- Perceived value – readers who care enough to frequent the forums and answer surveys tend to equate low price with low quality, and authors want to avoid the stigma of the 99¢ ghetto.
- Lack of the right marketing – some authors try to use the price as their only marketing tool, and when that doesn’t move copies, they blame the price.
- The 35% royalty rate – some authors want (and some demand) more than 35%. When John Locke sold his first million copies, some indies were quick to point out he’d “only” made $350,000. Dissatisfaction with compensation generally leads to blaming factors other than the obvious ones and making the results appear self-fulling.
- Fewer downloads
– Is the overall number of free downloads the same now as it was only spread across more books? Or does it just seem like fewer downloads?
In response to this complaint back in March, I compared how many downloads it took
to hit the same rank across multiple dates. Because I had good data for it, I
did this for several ranks between #50 and #150. Guess what? No difference.
Today I compared that data against the 7 free books I watched on April 9. Across the board, it took about 20% fewer downloads to hit the same ranks as before. That means on that one day, at least, there were indeed 20% fewer downloads than in the months before. But this is only one day, one data point. I’m not prepared to call this a trend based off this result. It will bear watching, though.
What about Select makes it appear to be in its death throes not even 5 months beyond its launch?
- Fewer post-free sales – Most folk are citing an average of one-third the sales post-free in this past month compared to previous months. Some are seeing considerably fewer, some are seeing a drop of less than one-half. I haven’t seen anyone say they’ve gotten MORE post-free sales recently.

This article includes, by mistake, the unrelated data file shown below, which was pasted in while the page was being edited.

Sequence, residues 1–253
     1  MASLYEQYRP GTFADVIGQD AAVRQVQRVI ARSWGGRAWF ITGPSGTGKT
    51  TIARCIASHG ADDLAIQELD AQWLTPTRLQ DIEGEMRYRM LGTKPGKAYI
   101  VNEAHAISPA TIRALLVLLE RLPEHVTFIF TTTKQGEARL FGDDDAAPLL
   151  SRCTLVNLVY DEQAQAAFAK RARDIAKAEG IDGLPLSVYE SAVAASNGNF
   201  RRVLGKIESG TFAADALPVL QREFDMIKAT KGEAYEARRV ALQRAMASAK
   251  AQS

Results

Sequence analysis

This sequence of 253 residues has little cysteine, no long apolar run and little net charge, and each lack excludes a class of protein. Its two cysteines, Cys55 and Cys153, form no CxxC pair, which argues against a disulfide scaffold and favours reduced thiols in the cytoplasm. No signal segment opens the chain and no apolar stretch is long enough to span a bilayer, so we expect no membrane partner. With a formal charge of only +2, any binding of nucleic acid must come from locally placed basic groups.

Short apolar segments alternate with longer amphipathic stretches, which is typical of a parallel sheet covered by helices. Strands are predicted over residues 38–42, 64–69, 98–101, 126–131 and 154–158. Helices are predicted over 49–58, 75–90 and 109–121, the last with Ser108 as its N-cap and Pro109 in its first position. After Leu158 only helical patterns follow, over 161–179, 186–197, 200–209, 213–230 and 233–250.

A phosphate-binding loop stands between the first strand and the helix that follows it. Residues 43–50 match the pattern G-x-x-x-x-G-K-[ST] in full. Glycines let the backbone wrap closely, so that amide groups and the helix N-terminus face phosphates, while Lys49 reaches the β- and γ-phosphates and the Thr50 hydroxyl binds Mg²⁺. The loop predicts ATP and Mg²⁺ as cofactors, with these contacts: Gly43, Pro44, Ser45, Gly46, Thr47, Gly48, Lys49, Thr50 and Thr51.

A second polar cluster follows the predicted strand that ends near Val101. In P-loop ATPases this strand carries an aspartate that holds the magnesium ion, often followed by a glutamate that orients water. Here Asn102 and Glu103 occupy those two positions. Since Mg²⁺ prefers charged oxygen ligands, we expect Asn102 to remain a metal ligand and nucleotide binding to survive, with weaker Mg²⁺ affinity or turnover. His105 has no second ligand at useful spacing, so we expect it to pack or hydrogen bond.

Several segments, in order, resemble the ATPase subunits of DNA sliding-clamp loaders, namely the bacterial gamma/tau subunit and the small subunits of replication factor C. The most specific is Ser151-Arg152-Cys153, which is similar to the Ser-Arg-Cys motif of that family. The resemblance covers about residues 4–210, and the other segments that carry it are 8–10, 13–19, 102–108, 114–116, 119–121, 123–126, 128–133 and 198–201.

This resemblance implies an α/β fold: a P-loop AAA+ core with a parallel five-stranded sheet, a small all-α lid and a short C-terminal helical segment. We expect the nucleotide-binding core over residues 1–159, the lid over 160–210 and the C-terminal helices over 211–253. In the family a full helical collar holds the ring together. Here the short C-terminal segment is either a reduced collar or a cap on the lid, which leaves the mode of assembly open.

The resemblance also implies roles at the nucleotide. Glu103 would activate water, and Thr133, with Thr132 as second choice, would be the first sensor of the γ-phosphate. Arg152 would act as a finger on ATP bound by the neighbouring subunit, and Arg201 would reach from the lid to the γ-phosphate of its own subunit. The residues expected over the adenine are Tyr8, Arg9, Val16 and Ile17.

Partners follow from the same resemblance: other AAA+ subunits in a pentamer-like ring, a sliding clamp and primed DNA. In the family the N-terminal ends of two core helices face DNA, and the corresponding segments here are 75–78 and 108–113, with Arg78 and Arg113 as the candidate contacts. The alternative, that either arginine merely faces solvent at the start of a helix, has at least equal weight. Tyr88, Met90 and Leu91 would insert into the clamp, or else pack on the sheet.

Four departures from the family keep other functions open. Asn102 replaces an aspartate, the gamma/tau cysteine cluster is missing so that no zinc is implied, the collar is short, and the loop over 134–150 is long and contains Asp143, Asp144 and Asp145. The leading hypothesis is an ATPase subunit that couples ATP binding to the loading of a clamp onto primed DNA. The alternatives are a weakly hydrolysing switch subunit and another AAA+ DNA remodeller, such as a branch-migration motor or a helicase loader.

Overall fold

- Shorter post-free bumps – Anecdotal reports are that the bump has tapered off from about 3 weeks to about a week.
- Fewer borrows – Anecdotal evidence suggests this is across-the-board behavior.
- Seasonality – Strongest sales and free downloads were in the two months post-Christmas. Are we in a seasonal decline right now? Or were those first two months after Christmas when millions of Kindles/Fires were gifted the exception?
- The end of the Prime promo – Fires sold at Christmas came with one month of free Prime. While this could explain any drop-off in borrows between January and February, something else has to be at work to create the continuing month-to-month drop-off. The 30% increase in the number of books available? Buyer disinterest?
- Buyer behavior – Are folk becoming more selective? Has the novelty of buying books for a new device worn off? Is an early spring keeping folk more active and away from reading? Are folk buying traditional books and non-Select books instead of Select books?
- Amazon’s adjustments to shelf placement – This is by far one of the most damaging changes to have occurred and one that can, indeed, be linked to part of the reason for diminished post-sales results. But is Amazon simply testing the waters? Will they be rearranging the shelves again shortly?
- Marketing efforts – Are authors setting books free too often, for too many days or too few days? What’s the sweet spot? Are authors who get no mentions on the big freebook sites and do poorly for one or two free runs giving up too soon? Are some authors not marketing at all – or marketing to the same folk each time they have a free promo?